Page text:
Shoes and Posture: How To Stand Tall
Posted on Jun 12, 2020


We often don’t think about our posture until something is wrong. Bad posture makes itself known with pain in the back, hips, neck, and more. This pain can range from dull to sharp in nature - from sore, awkwardly twisted muscles and ligaments, to a pinched nerve in the spine if the pain is severe.

Long days at an office desk can affect your posture. Injury, overuse, or improper form during exercises like lifting weights can also impact your posture as well.

Bad posture begins in childhood and seems to just become worse and worse with age. Good posture implies that the spine is in balance and all of the extremities are functioning at their optimal levels. Too much bend or twist in the spine at any given point will cause a cascade of functional problems.


Bad posture is defined as a misalignment in your spine. This misalignment can lead to pinched nerves and other pain that affects your day to day life. Usually, bad posture leads to a chain of events beginning with muscular dysfunction and ligaments being unbalanced.

Muscle is the largest organ overall and is the source of most of our pain. Properly positioned and functioning muscle is integral to being as pain-free as possible.

Normal spine alignment, when viewing someone from the side, looks like an S-curve. It’s a gentle curve - the top of your spine (cervical) is curved forward, the middle of your back (thoracic) curves back, and the lower spine (lumbar) curves forward. It’s not perfectly straight, nor are any of these curves sharp. This balance allows the rotation and flexibility necessary for walking and running.  

Normal spine alignment when viewing from the front is straight. In this plane, any curve is called ‘scoliosis.’ A certain degree of curve is considered benign (up to about 10-degrees), but any curve should be evaluated by a professional.

Bad posture can lead to the following conditions (among others):

  • Shoulder, back, or neck pain
  • Tension or migraine headaches
  • Fatigue
  • Stress or Anxiety
  • Poor circulation - varicose veins
  • Problems with the hips and knees
  • Poor sports and work performance
  • Weakness and instability of the joints
  • Poor breathing mechanics


The feet are the foundation of the human body in space and the skeleton is suspended above the feet with a complex system of tension bands and axial loading structures; all of this is bound up in muscle and connective tissues. The structure of the foot is integral to the overall performance of the human-machine.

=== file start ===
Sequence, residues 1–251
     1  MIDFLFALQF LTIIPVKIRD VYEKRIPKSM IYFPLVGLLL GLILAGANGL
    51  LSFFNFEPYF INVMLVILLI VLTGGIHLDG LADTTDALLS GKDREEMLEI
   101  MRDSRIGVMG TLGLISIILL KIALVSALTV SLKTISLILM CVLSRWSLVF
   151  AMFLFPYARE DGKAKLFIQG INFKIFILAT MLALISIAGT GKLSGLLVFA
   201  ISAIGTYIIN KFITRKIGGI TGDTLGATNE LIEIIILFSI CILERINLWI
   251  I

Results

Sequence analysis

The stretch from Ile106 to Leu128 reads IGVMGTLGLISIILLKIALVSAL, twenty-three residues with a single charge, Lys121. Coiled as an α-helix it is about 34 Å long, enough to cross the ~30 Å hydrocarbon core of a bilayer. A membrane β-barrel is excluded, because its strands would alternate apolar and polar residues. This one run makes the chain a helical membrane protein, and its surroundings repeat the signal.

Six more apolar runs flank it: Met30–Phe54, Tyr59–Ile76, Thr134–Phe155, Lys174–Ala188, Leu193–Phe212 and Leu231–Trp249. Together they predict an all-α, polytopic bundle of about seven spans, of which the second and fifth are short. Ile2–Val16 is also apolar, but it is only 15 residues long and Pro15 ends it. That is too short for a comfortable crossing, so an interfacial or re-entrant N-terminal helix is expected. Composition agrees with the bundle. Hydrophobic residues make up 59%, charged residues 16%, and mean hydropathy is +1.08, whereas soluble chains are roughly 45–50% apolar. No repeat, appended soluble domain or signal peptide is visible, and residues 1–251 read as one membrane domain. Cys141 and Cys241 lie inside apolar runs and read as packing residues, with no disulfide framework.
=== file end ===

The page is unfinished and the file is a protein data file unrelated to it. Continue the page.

Your shoes affect the way you walk and can impact your posture as well. Shoes have indirect effects on the body too. For example, in the workplace, if you wear shoes that aren’t slip-resistant, a fall can injure your spine and affect its alignment. Shoes such as high heels cause the ankle to plantarflex, the knees to hyperextend, the pelvis to rotate forward and the spine to lose its normal curve and flexibility. Shoes that alter alignment too much one way or the other can dramatically change how the legs and hips rotate with walking and running; this, of course, has effects on the spine and thorax.  

It’s important to find shoes that offer structural support that align your feet appropriately, support the natural curve of your spine, and don't cause foot pain. Foot pain can affect the way you walk, which will impact your balance and posture as well. The natural curve of your feet supports the natural curve of your spine - anything that negatively impacts your feet will hurt your spine’s alignment as well.

Keep these things in mind while searching for new shoes:

Look for structured support. In her practice, Dr. Warner has found that structural support is often better for promoting long-term foot health instead of shoes that only provide a cushion. Shoes that are too soft also do not allow for any use of our intrinsic foot muscles. The foot muscles themselves are very important to balance and the proper connection of the feet to the spine and rest of the body.  

Search for proper arch support. Everyone needs to wear shoes with the right amount of arch support. Those with naturally high arches need shoes that can support it; however, they do not actually need any help with the arch. Too much support in a high-arch person will actually push the foot and ankle to the outside and promote instability. Those with flat feet need arch support to assist the tibial tendon with push-off during walking and running; this can mitigate foot pain and the resulting negative consequences that follow. Alignment is tricky and a professional should evaluate you for the need for alignment correction.

The Healing Sole, designed by Dr. Warner, is not made to correct alignment. Rather, this shoe simply applies principles of biomechanics that support overall natural function and health of the foot structure. The Healing Sole is meant to complement the alignment correcting shoes or inserts your physician has recommended.  

Make sure the features of the shoe support your overall foot health. Our design also features a rocker bottom sole, which is often utilized in orthopedic footwear to offload stress from high-impact regions of the foot and stretch + strengthen the muscles and tendons of the feet.

The Healing Sole was designed to relieve plantar fasciitis pain and other heel pain, but they are great for promoting overall foot health as well!

Click here to read the science behind our design - and then try them out risk-free for 30 days!